At the end of life, people often want to take the chance to look back at everything they have done – and to make sure their stories will be passed on.
By recording an oral history, you can preserve memories in a person’s own words and voice.
Cell phones and digital cameras have made it easier than ever to record, preserve and share the stories of the people we love. All you need is a little preparation and the time to have a conversation that spans a lifetime of stories.
Preparing for the interview
After you have set up a time when you and your loved one can be uninterrupted, make a list of questions. You’ll want a mix, from personal and specific questions about life events, such as their best childhood memory, a first date, or first car to questions about how they felt about family life, how they felt about world events or some of the challenges they have faced.
Avoid yes-or-no questions. Instead ask open questions such as, “Tell me about the first house you grew up in” or “How did your family celebrate holidays?”
These questions can help you get started:
- How did your parents meet?
- What was your favorite childhood vacation?
- How did you meet your spouse?
- Tell me about your wedding day.
- What were you like in high school?
- Tell me about your activities and friends.
- What was your first job? How did you spend your first paycheck?
- Tell me about some of your favorite movies, songs or TV shows.
- Who are some of your heroes?
If your family member is nervous about an interview, let them look over the questions ahead of time.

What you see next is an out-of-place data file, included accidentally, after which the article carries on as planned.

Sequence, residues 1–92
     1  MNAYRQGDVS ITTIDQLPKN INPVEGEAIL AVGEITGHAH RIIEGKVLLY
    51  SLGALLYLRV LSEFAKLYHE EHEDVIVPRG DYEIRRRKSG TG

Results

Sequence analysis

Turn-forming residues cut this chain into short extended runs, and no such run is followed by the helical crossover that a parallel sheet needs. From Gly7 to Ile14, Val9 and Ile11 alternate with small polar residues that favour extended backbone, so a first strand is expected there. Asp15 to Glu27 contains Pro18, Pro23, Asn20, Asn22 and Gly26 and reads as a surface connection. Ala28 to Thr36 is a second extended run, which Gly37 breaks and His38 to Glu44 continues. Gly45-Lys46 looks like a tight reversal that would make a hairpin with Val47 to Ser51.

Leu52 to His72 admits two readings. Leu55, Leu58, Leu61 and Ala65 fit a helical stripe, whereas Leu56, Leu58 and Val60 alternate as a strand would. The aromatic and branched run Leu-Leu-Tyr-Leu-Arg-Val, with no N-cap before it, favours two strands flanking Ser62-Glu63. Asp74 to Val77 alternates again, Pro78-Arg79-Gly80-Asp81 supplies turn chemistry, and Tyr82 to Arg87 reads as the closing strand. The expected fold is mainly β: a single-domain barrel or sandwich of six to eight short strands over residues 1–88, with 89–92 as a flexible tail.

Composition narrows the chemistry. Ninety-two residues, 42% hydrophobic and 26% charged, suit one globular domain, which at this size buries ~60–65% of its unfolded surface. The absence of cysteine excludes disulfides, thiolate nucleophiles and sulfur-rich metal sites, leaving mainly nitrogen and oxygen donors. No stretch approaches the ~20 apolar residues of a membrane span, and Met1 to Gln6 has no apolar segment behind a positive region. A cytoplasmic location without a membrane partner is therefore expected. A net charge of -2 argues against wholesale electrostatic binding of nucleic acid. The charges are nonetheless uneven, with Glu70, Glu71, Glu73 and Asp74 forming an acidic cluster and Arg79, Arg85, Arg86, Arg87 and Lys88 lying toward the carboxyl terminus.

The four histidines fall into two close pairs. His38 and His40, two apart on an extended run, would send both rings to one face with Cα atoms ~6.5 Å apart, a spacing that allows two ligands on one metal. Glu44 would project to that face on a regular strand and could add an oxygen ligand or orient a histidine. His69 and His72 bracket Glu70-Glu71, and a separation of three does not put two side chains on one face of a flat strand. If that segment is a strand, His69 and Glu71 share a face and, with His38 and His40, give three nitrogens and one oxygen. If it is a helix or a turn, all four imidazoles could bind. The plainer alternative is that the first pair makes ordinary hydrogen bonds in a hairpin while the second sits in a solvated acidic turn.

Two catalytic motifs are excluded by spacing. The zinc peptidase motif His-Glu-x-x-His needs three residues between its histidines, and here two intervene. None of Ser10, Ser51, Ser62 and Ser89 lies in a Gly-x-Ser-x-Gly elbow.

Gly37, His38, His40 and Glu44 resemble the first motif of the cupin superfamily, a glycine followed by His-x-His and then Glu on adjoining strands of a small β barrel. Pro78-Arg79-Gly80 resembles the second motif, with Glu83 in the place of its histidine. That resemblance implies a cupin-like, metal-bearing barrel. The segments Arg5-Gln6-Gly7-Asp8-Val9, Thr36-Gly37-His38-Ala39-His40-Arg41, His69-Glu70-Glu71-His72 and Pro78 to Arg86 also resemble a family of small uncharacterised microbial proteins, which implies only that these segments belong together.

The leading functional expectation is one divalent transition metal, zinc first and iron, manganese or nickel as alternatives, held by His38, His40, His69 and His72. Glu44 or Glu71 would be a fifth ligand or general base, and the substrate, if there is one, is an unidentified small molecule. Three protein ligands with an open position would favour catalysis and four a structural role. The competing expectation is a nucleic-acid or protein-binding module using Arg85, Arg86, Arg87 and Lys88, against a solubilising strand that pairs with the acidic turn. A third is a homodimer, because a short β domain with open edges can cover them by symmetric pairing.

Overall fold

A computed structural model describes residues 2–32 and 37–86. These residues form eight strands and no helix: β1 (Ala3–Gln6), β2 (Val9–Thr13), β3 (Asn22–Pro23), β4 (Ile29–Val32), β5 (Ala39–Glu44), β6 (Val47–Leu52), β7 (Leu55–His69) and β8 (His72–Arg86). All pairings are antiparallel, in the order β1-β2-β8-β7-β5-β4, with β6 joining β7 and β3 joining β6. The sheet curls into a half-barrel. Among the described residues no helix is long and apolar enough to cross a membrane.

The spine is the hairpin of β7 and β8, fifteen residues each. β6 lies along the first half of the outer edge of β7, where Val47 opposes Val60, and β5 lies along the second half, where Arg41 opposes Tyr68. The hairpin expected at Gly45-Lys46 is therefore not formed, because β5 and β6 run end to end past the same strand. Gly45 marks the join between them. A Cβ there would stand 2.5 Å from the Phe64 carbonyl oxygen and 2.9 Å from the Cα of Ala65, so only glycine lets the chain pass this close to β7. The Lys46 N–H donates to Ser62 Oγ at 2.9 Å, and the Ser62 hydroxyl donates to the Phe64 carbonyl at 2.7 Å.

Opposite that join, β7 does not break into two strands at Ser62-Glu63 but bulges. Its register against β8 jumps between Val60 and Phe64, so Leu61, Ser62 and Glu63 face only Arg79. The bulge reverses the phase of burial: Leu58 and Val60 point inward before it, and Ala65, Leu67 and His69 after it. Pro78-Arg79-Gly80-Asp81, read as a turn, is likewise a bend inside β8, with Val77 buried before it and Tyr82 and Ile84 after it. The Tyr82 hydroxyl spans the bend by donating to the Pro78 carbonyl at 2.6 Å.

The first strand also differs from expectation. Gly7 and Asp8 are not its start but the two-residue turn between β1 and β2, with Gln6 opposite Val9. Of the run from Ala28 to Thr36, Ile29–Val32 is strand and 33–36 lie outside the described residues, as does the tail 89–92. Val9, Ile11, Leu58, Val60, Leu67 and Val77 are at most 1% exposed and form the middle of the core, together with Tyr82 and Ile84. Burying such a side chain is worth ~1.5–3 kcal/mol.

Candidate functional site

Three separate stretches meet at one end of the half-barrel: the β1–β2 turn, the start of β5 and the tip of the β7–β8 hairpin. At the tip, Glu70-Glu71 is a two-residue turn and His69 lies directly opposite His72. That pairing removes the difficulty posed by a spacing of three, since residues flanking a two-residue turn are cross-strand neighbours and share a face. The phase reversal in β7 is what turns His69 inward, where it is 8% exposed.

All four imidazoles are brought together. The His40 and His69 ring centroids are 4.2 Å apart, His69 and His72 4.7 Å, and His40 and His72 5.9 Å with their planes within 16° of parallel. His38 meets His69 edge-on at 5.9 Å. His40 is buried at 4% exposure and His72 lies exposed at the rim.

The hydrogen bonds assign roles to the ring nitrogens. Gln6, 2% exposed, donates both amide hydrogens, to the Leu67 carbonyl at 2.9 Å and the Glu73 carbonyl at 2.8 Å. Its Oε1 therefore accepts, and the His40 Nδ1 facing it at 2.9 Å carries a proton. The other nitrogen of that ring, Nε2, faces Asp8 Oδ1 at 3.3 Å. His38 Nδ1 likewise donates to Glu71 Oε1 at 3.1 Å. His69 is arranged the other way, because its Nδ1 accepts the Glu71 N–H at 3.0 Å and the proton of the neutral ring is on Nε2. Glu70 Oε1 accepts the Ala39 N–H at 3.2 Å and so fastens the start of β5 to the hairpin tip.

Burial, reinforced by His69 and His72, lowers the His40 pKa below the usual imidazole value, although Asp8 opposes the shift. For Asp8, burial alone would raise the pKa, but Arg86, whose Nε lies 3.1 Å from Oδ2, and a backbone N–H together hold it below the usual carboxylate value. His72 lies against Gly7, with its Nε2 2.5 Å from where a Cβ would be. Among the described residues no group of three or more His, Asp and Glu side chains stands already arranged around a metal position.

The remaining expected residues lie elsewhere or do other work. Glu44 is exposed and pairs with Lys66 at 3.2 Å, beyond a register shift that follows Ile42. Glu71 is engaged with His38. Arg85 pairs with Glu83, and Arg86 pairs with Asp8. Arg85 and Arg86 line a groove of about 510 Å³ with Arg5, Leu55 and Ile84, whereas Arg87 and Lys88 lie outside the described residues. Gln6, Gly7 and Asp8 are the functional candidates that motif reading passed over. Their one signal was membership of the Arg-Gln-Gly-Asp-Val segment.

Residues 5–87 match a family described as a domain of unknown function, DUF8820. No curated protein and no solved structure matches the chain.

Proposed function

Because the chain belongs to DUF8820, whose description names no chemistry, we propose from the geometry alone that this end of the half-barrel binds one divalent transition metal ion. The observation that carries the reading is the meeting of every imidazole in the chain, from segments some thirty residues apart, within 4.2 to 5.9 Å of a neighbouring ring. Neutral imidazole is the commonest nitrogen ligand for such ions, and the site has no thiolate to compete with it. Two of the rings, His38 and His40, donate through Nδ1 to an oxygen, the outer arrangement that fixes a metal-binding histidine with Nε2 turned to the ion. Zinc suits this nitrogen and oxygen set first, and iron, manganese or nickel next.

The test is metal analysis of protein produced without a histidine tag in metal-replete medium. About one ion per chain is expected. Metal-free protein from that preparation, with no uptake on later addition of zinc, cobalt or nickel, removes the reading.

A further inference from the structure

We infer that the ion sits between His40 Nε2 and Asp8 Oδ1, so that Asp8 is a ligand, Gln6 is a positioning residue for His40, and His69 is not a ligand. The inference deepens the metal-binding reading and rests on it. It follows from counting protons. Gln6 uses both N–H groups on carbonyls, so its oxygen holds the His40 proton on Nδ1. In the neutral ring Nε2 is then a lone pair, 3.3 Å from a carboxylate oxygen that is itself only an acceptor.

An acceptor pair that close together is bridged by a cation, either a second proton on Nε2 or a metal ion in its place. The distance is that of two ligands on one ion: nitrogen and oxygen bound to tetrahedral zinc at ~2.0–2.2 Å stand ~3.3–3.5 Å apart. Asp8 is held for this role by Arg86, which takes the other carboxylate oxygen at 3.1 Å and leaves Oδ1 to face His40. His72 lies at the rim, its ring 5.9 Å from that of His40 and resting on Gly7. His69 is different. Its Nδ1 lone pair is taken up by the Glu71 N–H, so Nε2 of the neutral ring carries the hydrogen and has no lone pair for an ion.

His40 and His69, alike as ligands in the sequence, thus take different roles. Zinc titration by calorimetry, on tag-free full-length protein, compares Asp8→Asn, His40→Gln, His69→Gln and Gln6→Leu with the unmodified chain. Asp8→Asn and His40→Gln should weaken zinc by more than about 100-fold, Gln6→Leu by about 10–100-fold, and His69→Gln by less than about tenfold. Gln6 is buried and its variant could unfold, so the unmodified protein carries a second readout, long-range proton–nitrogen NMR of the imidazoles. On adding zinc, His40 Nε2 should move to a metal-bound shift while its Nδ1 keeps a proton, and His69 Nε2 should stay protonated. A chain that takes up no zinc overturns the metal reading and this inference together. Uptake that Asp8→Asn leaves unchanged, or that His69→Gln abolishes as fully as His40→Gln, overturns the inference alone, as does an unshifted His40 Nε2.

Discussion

Decide if you are going to record video or audio. If you decide to make a video, back it up with an audio recording and take some still photographs as well.
Conducting your interview
Think of your interview as an opportunity for learning about your family and yourself, not as a history project. You aren’t trying to nail down dates and facts; you want to know more about your loved one’s life. Questions are there to guide you, but they shouldn’t be a rigid structure.
It’s essential to let stories unfold at their own pace. Interrupting may break your loved one’s train of thought, and it could be challenging to get it back on track. If the story veers wildly in another direction, ask a simple question that can get you back to the original story. Or go with it!
Make notes as you talk to help you remember things you may want to ask about later. A person, place, or event mentioned in passing may have a tale of its own.
Be prepared for stories and memories that aren’t happy, as well. They may be difficult to hear. It may be the first time your loved one has felt safe to talk about it. Listen with love and understanding.
Photos are a great way to jog the memory and bring up stories that may otherwise never surface. If you have pictures from their childhood, high school and college years, military service, wedding albums, etc., take time to go through them together. It can also be a chance to identify people and places in unlabeled photos.
Preserving and sharing your loved one’s history
Your family may already have photos, film, videos, or cassette recordings of family stories and events. It’s crucial to create new copies of these archival documents before they physically deteriorate, or their playback technology is obsolete. Many companies can transfer analog recordings to digital formats. Then you can further ensure their survival by uploading them to a cloud or file-sharing website, making them more easily accessible. Creating interviews and albums can be a lot of work, but also a memory in itself. Generations from now, your family’s story will still be heard.